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Research Update – Fall 2015

Earlier this year, our executive director, Dr. Marie Coppola, made her annual trip to Nicaragua to continue her research of the linguistics and development of Deaf Nicaraguan children. This time the goal was to help launch the research study of her student, Deanna Gagne.

Deanna, along with her research assistant (and husband!) Kurt Gagne and Nicaraguan research assistant Hayseli Midence are studying the linguistic development in hearing children whose parents were part of the first cohort of Nicaraguan children that came to Managua’s first deaf school in the 1970s and created Nicaraguan sign language. This population has not yet been studied!

Deanna, Kurt and Hayseli will be looking for patterns in how these children communicate having been influenced mainly by their parents’ signing skills instead of a peer group of fellow signers. They will compare these communication patterns to those of the second cohort of Nicaraguan children at Managua’s deaf school, who were influenced not only by the first cohort above them, but each other.

Marie says the trip was successful, and one of the highlights was being in the country at the same time as a plethora of other researchers who are studying Nicaragua’s Deaf population. In fact, the group even came together one day at Café de las Sonrisas in Granada, known for its all-Deaf staff.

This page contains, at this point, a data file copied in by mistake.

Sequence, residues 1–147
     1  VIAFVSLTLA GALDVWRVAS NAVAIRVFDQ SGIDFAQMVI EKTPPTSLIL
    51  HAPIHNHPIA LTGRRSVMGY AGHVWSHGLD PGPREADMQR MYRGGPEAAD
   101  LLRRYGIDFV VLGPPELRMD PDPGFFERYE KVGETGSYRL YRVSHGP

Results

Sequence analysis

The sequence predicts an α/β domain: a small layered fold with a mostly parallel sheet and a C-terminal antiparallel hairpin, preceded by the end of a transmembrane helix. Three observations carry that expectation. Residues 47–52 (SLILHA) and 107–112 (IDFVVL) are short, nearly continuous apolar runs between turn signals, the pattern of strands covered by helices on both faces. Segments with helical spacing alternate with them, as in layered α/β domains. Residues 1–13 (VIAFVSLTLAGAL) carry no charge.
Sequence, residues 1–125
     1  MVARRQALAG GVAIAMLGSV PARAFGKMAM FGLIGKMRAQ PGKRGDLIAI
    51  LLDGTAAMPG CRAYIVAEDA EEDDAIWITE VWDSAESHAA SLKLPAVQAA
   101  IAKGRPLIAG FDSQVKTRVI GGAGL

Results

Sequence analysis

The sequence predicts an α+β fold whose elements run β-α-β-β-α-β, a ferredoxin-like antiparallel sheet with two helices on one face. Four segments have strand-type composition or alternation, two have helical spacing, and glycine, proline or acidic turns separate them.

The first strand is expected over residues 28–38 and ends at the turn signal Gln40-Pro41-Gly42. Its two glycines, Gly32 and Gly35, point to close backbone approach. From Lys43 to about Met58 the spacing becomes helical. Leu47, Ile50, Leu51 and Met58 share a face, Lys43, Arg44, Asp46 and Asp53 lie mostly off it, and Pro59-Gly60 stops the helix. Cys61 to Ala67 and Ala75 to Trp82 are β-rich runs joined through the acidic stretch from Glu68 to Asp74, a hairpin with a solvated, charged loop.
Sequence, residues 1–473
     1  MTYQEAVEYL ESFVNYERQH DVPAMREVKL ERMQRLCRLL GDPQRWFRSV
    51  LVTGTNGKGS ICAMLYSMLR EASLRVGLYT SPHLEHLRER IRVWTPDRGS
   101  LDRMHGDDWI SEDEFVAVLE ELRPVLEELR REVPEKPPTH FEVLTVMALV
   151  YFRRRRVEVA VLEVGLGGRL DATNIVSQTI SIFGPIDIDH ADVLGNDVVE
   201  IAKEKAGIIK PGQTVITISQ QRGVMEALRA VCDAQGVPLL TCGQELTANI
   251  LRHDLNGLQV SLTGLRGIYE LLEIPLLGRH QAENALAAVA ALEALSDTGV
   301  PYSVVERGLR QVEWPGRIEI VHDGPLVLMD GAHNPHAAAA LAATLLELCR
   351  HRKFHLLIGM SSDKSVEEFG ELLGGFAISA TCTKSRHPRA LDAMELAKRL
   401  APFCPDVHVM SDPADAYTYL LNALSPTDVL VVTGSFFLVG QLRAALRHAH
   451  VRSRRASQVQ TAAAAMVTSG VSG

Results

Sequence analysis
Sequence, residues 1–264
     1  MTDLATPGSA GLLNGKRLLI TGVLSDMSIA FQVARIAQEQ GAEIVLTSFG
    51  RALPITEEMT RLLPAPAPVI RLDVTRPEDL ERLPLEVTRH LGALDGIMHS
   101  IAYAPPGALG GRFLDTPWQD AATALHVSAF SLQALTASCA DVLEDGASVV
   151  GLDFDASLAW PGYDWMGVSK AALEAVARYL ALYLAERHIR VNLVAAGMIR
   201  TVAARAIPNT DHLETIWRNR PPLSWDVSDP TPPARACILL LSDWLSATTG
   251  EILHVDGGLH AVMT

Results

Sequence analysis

Eight adults and two children lay on a large blue and white striped hammock.
A Manos Unidas research team hangs out in a giant handmade hammock at Café de las Sonrisas in Granada, Nicaragua. Pictured from left are research assistant Hayseli Midence of Nicaragua; Dr. Marie Coppola of Manos Unidas and the University of Connecticut, Dr. Ann Senghas of Barnard College, Columbia University; doctoral candidate Deanna Gagne, research assistant and husband Kurt Gagne, and their two children; Dr. Molly Flaherty of the University of Chicago; Dr. Jennie Pyers of Wellesley College; and Annemarie Kocab of Harvard University. Dr. Amber Martin of Hunter College was also in attendance.

“There’s not that many places that have any number of Deaf employees, much less all deaf employees,” said Marie.

“I felt that the trip to the Café de las Sonrisas was really amazing: to be able to go there with such a large group that included hearing and deaf researchers, and being able to interact with the Deaf people that work there,” she added.

Marie will likely be returning to Nicaragua in the summer of 2016 to continue her research.

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